Originally broadcast June 12, 1961.
Approx. 110 minutes
- Separate Tables at The Apollo: John Mills and Jill Bennett in a scene from Act 2 of Separate Tables at the Apollo Theatre.
- Cause Célèbre at Her Majesty’s Theatre: Two extracts from Terence Rattigan's play Cause Célèbre, starring Glynis John, Neil Daglish, Charles Dore, Philip Bowen and Lee Montague. This was shot during a theatre preview at Her Majesty’s Theatre.
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The cast lists are like the Who's Who of British film and theatre. The standard of acting is outstanding and several of the performances left me feeling deeply moved. Eric Porter stands out for me playing two very different parts in Separate Tables and as the father in The Winslow Boy. There's a short clip from a stage version of Separate Tables with John Mills in the same role as Eric Porter in the TV production and it's interesting to compare the different styles of performance. Penelope Wilton is heart-breaking as the wife in The Deep Blue Sea and Ian Holm is perfect as the buttoned-up school teacher in The Browning Version: stiff and formal, but one for whom one feels great sympathy.
The only play that I didn't think much of is Adventure Story Rattigan's play about Alexander the Great. I found the dialogue clunky and I'm sorry to say I couldn't take Sean Connery seriously as Alexander. He looked good but somehow his characteristic Scottish accent didn't chime with the part (as a Scot I'm not being xenophobic!). He played the part before he became Bond but I kept expecting him to say "The name's Bond, James Bond"!
French without Tears is the only light-hearted play in the set and even it has darker undertones of friction and disappointment in human relationships.
If you enjoy plays and the theatre then I'm sure you'll treasure this collection. I can also recommend a similar set of DVDs of plays by Noel Coward recorded by the BBC Noel Coward Collection [DVD] as, I suspect, TV won't return to the days when plays were regular features of the schedule.
HEART TO HEART and ALL ON HER OWN were commissions, the latter a monologue for Rattigan's favourite actress Margaret Leighton, and demonstrate the esteem in which the single drama was once held.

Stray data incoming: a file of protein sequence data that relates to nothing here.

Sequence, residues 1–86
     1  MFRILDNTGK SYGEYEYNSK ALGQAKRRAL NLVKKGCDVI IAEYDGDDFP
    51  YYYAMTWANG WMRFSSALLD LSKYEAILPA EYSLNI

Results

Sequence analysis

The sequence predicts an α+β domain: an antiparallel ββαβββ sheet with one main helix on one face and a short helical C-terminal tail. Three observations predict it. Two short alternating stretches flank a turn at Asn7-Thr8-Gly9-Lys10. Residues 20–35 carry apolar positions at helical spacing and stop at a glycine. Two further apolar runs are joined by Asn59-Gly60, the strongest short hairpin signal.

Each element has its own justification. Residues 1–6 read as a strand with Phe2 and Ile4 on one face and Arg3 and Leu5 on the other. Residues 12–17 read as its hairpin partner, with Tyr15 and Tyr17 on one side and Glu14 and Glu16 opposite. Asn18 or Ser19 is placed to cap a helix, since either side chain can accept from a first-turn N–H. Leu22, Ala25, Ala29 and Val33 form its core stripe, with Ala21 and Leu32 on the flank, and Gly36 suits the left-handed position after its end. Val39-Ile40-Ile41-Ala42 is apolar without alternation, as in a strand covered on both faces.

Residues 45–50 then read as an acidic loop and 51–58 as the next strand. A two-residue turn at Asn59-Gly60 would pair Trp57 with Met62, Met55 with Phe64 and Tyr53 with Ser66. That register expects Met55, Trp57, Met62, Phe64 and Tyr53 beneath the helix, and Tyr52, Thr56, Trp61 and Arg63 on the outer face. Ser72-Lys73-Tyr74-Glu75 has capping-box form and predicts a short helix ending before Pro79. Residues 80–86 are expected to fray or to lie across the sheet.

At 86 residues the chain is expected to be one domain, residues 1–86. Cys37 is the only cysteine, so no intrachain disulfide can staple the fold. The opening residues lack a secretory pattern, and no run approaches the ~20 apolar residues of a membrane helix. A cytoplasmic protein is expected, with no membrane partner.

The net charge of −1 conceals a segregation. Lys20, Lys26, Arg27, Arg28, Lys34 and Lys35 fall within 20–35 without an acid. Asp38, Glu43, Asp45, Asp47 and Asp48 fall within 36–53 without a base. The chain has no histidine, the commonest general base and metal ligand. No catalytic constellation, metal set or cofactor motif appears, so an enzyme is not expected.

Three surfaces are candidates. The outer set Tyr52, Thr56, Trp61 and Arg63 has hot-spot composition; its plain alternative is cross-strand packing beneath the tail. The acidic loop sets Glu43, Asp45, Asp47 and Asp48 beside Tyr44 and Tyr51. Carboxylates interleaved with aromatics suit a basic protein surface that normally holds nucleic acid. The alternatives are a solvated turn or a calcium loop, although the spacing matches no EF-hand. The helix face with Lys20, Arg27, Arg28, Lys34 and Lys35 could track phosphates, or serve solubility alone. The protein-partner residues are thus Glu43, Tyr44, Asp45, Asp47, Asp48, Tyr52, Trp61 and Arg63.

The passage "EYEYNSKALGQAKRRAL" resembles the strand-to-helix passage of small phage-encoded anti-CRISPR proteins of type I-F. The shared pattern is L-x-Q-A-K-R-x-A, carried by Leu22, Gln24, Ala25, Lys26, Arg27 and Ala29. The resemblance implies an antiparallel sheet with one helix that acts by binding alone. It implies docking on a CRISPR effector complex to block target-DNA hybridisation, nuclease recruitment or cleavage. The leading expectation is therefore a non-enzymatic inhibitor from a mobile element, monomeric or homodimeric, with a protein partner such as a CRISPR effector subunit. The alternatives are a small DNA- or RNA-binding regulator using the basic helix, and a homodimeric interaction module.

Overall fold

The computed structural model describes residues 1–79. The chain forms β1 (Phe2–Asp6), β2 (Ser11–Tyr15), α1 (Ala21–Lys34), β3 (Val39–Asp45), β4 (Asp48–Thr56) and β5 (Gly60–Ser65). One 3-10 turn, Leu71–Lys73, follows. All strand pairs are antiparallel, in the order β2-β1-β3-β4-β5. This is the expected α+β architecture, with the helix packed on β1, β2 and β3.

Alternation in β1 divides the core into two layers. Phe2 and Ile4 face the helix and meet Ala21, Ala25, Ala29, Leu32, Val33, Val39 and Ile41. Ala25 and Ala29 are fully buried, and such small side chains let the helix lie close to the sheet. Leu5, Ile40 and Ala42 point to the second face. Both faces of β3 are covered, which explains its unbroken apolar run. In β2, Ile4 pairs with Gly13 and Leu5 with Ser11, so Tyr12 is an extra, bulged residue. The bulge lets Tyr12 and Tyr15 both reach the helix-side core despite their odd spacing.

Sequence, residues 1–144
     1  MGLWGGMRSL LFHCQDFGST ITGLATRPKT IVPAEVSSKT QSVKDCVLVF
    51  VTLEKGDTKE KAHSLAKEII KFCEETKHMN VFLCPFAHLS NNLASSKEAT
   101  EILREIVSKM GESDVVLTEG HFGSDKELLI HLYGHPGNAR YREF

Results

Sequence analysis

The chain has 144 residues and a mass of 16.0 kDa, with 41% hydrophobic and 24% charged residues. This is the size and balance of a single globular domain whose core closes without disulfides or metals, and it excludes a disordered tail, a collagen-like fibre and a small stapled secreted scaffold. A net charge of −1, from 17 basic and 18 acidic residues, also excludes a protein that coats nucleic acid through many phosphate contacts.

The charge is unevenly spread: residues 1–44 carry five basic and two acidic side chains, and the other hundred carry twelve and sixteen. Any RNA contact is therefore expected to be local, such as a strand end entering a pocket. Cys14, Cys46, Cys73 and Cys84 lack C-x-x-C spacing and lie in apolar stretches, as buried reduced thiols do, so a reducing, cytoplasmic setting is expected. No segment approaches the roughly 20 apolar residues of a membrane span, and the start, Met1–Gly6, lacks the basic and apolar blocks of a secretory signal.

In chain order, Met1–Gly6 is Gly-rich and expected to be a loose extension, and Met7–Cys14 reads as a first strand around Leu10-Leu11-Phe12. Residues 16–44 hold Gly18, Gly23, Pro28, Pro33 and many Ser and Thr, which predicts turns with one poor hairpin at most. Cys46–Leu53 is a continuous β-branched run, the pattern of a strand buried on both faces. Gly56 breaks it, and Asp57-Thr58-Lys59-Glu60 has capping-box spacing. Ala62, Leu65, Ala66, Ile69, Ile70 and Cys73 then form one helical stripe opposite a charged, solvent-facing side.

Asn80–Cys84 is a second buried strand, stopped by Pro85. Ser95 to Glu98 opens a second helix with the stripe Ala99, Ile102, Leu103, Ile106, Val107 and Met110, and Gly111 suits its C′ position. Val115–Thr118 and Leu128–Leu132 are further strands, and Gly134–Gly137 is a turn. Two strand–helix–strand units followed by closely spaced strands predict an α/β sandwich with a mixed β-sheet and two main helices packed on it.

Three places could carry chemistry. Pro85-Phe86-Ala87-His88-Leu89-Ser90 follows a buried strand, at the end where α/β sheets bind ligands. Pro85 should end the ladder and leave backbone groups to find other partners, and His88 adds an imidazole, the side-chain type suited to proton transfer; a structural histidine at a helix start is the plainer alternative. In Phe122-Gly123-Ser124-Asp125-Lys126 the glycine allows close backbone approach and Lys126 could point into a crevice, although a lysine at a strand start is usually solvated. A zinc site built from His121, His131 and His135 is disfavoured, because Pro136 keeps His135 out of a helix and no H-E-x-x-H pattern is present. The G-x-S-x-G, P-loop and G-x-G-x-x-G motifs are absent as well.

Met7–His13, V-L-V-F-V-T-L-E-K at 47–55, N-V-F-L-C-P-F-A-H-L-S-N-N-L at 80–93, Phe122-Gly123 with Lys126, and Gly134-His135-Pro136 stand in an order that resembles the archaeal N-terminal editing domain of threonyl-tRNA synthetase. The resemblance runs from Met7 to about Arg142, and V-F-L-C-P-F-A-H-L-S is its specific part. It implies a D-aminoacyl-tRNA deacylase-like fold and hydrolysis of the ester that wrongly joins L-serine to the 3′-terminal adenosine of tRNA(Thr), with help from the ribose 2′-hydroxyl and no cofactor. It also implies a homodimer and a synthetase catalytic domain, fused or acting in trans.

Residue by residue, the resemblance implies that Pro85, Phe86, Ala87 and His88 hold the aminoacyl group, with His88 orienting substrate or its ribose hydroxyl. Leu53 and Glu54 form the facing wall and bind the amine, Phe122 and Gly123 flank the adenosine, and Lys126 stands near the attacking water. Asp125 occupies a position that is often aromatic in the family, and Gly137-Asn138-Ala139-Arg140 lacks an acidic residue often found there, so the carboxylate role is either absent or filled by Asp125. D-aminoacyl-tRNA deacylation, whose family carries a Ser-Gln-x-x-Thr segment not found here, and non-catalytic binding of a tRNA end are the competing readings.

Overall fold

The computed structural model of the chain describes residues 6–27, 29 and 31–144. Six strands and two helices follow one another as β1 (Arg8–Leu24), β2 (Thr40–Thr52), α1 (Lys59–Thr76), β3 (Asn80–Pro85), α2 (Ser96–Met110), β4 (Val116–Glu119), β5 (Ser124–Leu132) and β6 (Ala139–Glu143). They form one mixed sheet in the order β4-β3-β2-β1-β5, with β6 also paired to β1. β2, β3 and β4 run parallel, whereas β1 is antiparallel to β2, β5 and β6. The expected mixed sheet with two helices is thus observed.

ADVENTURE STORY appears to have been taped from a live performance, so the acting is somewhat stagy, but after a fashion that suits the material: Sean Connery as Alexander the Great, what more need be said?
In SEPARATE TABLES Eric Porter and Geraldine McEwan splendidly follow the tradition of adopting dual roles with excellent support from Pauline Jameson, Cathleen Nesbitt and Annette Crosbie.
FRENCH WITHOUT TEARS is beautifully played by a fine cast, but suffers rather in that it is a piece which needs a live audience.
Alan Badel's low-key interpretation of Sir Robert Morton in THE WINSLOW BOY lends it a rather strange atmosphere, some dynamic is lacking, but Eric Porter is most effective as Arthur Winslow.
AFTER THE DANCE authentically captures the demimondaines of the inter-war period, and is only slightly marred by the camera exposing the leading players as a tad too old for their parts.
The surprises, not altogether pleasant, begin with THE BROWNING VERSION. The essence of Mr Crocker-Harris eludes Ian Holm, and as his wife Judi Dench seems to have thought she was in an episode of MARPLE, playing the eventual murder victim, so egregiously unpleasant that she deserves what she gets.A rare but telling off-day for everyone's best-loved Dame.
Karel Reisz's take on THE DEEP BLUE SEA has the actors improvising around the original text, which destroys any nuance of class distinction and sensibility, and allows too much histrionic abandon;the penultimate scene loses its effect by being insensitively cut, spoiling the impact of the final moments, and it all goes to prove the disadvantage of being a deceased author when your play is being revived.
However, the value of this selection is its preservation of outstanding performances of first class writing.